Reading the signals on high-speed rail

The public policy debate over high-speed rail in Canada was spurred earlier this year by a series of symposia by the lobby group High Speed Rail Canada in a number of cities. These included Kitchener on Jan. 30, Toronto on April 25 and London on May 28. In addition, there have been public hearings by a parliamentary standing committee on transport, infrastructure and communities. But let’s not fool ourselves — the biggest single boost for this issue is the apparent readiness of U.S. President Barack Obama to blend HSR into the mix of America’s transportation alternatives.

One of Bombardier's high speed trains

One of Bombardier's high-speed trains

Interest in HSR in Ottawa has been, shall we say, restrained. Even a small system in Ontario’s Windsor-Quebec City corridor or between Calgary and Edmonton would cost billions to build (special track must be laid on a custom track bed) and maintain (because of the speeds involved, careful track inspection and repair is a neverending task).

Environmentalists love the concept for obvious reasons. And High Speed Rail Canada’s travelling road show earlier this year was arranged with the assistance of municipalities, economic development boards and other groups that are likely to benefit if Canada were to dip its toe into the pool. But not everyone embraces the idea.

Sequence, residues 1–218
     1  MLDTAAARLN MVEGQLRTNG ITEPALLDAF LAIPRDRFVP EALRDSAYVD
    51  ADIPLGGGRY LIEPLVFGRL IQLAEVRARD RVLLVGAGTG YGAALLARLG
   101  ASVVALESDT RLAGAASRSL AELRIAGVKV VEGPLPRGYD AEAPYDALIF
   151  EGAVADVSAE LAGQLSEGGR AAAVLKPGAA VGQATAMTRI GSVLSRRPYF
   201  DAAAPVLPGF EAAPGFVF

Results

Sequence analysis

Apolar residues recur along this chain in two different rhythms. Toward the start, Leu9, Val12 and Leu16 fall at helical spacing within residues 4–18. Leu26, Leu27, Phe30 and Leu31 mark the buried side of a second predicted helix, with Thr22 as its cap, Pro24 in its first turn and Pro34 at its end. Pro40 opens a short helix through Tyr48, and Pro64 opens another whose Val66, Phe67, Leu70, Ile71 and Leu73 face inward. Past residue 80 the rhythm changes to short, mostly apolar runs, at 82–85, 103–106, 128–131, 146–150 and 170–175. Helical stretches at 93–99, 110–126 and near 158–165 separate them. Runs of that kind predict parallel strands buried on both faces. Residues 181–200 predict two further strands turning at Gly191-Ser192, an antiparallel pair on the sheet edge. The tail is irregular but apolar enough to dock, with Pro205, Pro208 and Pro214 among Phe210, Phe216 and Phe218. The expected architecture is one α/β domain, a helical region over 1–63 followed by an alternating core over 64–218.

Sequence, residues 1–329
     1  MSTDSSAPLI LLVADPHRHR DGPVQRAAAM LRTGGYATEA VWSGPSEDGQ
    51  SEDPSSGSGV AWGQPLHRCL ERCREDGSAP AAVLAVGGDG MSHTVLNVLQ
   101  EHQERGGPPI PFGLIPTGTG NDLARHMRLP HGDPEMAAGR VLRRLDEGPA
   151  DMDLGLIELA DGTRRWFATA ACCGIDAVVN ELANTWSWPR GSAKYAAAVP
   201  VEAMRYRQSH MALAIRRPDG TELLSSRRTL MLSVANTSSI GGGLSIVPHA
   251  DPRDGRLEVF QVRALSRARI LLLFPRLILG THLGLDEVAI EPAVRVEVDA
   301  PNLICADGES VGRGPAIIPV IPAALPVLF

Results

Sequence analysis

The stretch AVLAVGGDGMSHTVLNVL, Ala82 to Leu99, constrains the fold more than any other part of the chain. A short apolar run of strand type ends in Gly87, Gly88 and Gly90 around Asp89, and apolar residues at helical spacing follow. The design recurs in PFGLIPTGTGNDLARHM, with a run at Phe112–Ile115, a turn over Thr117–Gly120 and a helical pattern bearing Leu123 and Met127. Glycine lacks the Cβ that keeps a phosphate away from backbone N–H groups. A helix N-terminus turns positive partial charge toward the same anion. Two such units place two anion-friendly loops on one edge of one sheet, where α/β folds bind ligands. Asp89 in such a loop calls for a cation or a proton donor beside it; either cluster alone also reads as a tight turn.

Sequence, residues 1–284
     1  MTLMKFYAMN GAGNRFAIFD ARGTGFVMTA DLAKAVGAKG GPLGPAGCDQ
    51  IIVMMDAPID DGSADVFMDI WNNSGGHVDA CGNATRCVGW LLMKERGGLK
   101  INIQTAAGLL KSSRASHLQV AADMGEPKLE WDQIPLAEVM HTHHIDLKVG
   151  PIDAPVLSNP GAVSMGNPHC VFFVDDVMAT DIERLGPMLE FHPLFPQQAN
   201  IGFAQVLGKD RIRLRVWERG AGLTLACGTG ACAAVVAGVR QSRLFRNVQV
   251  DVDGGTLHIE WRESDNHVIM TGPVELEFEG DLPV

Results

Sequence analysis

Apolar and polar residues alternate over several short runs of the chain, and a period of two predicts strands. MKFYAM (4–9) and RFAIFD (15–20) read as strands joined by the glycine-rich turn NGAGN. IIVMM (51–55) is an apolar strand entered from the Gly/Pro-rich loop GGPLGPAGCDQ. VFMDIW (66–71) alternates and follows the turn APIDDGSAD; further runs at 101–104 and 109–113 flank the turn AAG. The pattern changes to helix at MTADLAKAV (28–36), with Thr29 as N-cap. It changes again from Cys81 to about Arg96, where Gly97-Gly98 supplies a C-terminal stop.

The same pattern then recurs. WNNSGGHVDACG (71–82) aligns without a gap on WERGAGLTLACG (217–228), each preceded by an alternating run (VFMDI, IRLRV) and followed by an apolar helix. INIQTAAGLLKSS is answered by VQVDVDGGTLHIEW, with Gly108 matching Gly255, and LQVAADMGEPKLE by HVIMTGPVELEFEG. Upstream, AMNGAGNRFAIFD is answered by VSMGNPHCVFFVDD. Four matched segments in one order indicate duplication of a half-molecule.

As I stated in a newspaper column shortly after the London symposium, I think HSR’s time has come. However, Andrew Coyne, national editor of Maclean’s, expressed the view this week that high-speed rail in Canada is a bad idea — now and for the foreseeable future. The concept, at least as applied to Canada, is “insane,” he says, repeatedly foisted on politicians and the public by people and interests that are “impervious to reality.”

Now comes word that the Ontario Transportation Ministry is about to begin a survey among users of the heavily travelled Highway 401 to get their views on high-speed rail. (This comes a day after the same government promised rebates to people who buy electric cars, which the Toronto Star, at least, says is a questionable scheme.)

Canadian companies such as Bombardier have been building high-speed rail cars and locomotives for European and Asian systems for years. There’s just no market for them in North America. And according to the Canadian Steel Producers Association, there are currently no manufacturers of steel rails in Canada.

But the public debate over whether Canada should get on track toward the driving of a new “last spike” on a high-speed rail plan is a timely and welcome one.

One thought on “Reading the signals on high-speed rail

  1. Pingback: Doon Valley Journal » Reading the signals on high-speed rail | Canada today

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